Movie Review

10:16 PM Tuesday, November 30, 1999

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Went to the movies today. Apparently close to a million people in Bombay go to the movies each week. Saw Sixth Sense. It was directed by an Indian guy. I came in during the credits and was shown to my seat by a flashlight-wielding usher. Haven't seen one of those since the seventies. In India, you buy a specific seat at the ticket window and that's where you have to sit. It's not a free-for-all like in the US. Everything else about the place was pretty damn normal, right down to the gum stomped into the carpet and the popcorn smell.

I was sitting there watching the scenes of Philadelphia, some really nice scenes, like no Philly I've ever seen, except in postcards and I'm thinking, oh, look at that sidewalk, and that door, and that car. And I realize I'm looking at the movie like an Indian looks at my pictures of home. Never at what I want them to see. They see like an anthropologist sees. So I'm studying this film that starts rather slowly and I'm trying to overhear the Indians next to me and what they think of it. I'm intensely interested. There are quite a few parts where I'm the only person in the theater who gets the joke. That's to be expected I guess. Sometimes I'm embarrassed cause the movie looks like one of those sappy "Diamonds are forever" commercials. You know how Bruce Willis is in love scenes he should stick to Uzi's. To quote Flavor Flav: "Don't nobody live like dat. Don't nobody even talk like dat." But then sometimes I'm proud, like when the kid walks into a really nice church.

So I'm getting into this movie which turns out to be pretty good because of some incredibly good acting by the little kid. We're right at the part where he's gonna tell his "secret". It's the most intense moment of the movie and I won't tell you what he says, cause it's a secret but right when he's in the middle of it they cut the film and the lights come on and they flash "Intermission" on the screen. Everybody starts to get up but I'm sitting there stunned. "What in the HELL?" I say to myself and I look around. People are perfectly calm and then I realize that this must be a regular occurrence. I've been jerked right out of my "willing suspension of disbelief" and presented with a slide show of advertisements. Ads that are nothing more than typing on transparencies and they wobble and float up on the screen because the projectionist is hand holding them in front of the light. I spend a hard earned RS.45 and what do I get? Local commercials. The theater is almost empty.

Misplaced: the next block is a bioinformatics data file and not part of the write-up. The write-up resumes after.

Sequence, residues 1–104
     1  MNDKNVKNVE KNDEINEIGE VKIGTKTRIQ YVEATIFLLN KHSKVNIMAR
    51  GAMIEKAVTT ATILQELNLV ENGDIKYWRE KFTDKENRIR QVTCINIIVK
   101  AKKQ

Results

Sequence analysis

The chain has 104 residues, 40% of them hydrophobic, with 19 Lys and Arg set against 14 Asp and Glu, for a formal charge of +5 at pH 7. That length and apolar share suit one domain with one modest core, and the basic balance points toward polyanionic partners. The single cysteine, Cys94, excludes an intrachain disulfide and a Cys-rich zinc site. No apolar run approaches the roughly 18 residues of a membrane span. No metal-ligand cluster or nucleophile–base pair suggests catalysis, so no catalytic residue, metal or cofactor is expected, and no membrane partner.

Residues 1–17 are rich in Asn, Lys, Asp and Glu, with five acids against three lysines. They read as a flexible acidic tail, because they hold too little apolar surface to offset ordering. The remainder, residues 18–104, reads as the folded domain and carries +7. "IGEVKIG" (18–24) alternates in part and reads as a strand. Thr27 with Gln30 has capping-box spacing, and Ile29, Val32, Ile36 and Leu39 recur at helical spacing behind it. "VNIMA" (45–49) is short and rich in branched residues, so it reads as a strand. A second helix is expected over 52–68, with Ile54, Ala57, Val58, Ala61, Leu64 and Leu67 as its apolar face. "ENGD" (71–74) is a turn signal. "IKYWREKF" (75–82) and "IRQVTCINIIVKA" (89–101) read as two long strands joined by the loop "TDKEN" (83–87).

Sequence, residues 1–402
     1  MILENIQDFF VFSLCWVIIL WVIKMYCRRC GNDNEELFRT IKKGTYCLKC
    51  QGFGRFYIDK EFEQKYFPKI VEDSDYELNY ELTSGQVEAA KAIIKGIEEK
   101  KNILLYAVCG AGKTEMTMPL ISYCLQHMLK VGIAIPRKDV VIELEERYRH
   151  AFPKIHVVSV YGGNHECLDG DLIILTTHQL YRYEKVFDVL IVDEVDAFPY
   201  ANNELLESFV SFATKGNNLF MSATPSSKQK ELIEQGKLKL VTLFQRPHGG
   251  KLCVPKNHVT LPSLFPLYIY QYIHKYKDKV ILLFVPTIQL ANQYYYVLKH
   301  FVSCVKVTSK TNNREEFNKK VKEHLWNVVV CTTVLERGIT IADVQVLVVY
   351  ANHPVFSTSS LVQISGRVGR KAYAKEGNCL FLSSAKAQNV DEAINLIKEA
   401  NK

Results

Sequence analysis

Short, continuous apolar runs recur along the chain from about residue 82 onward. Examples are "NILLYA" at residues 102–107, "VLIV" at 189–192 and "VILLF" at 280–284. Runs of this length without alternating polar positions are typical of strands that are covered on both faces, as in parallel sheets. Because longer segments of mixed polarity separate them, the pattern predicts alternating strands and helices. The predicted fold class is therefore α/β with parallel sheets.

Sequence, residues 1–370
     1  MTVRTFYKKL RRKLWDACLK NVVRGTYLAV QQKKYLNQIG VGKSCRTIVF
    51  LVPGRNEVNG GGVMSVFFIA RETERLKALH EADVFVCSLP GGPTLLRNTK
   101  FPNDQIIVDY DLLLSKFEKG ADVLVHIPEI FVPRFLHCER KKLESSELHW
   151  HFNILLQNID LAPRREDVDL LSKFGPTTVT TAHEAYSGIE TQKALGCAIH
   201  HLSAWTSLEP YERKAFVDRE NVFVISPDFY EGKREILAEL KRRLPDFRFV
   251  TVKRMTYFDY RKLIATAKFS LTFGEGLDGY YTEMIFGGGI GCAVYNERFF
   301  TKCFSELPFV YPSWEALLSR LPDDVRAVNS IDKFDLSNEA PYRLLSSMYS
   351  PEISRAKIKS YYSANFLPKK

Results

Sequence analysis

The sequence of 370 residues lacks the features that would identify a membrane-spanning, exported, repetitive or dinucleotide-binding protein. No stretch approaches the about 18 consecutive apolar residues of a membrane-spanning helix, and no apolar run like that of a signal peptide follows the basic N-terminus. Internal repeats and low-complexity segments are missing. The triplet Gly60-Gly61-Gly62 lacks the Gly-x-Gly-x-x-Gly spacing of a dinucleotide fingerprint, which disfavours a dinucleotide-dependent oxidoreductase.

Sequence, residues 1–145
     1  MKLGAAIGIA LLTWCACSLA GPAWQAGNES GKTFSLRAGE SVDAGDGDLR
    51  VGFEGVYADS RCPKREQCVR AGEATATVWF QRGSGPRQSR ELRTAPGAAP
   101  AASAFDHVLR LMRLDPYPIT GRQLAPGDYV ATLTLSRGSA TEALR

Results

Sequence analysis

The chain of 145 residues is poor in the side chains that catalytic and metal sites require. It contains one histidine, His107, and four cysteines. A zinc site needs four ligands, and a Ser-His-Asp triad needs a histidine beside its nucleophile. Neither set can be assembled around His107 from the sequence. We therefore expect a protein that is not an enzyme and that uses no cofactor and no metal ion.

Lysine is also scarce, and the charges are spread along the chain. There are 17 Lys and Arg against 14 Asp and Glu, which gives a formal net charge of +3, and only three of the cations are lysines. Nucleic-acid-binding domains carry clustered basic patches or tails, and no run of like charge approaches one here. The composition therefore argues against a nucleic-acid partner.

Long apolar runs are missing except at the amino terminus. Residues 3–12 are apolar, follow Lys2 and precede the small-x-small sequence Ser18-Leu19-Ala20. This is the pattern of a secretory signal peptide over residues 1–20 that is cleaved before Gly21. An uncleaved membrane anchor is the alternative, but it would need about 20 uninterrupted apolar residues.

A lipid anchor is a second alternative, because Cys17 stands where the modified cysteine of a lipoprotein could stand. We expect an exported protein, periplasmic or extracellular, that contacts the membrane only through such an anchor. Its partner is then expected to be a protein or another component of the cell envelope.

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I start to get angry. You get your money back when this happens in the US. The only time I've actually tolerated an intermission is during a screening of Lawrence of Arabia in glorious 70mm. So ten minutes later the intermission is starting to feel longer than the first part of the movie and as people start filing back in, the ads get better. The movie starts but it seems to have skipped a little bit ahead. OK, enough complaining about the intermission. They have commercials in the middle of movies here. You've been warned.

Yeah, I cried like a sap at the end. Dead people are sad. It was a pretty good movie for being the latest in the round of the Hollywood "cult of the angel" schlock. So when we emptied out into the warm, sticky night air I decided to get a #81 bus home. The catharsis has tuned my sensibilities and I'm feeling like I could write a review of the movie. Then I saw something that convinced me that I have to write a movie review: I sit down at the bus stand and look at the red pole in front of me. Scratched in the paint, written vertically is I LOVE YOU and then there's a little scratch-drawing that looks like a flower in a pot. It's on the pole in the bus stand in front of the Planet M store by Victoria Terminus if you want to see it. I think it was "I love you ****" (somebody's name) but I can't make out the rest. Now it's for all of us. Go read it if you're feelin a little down.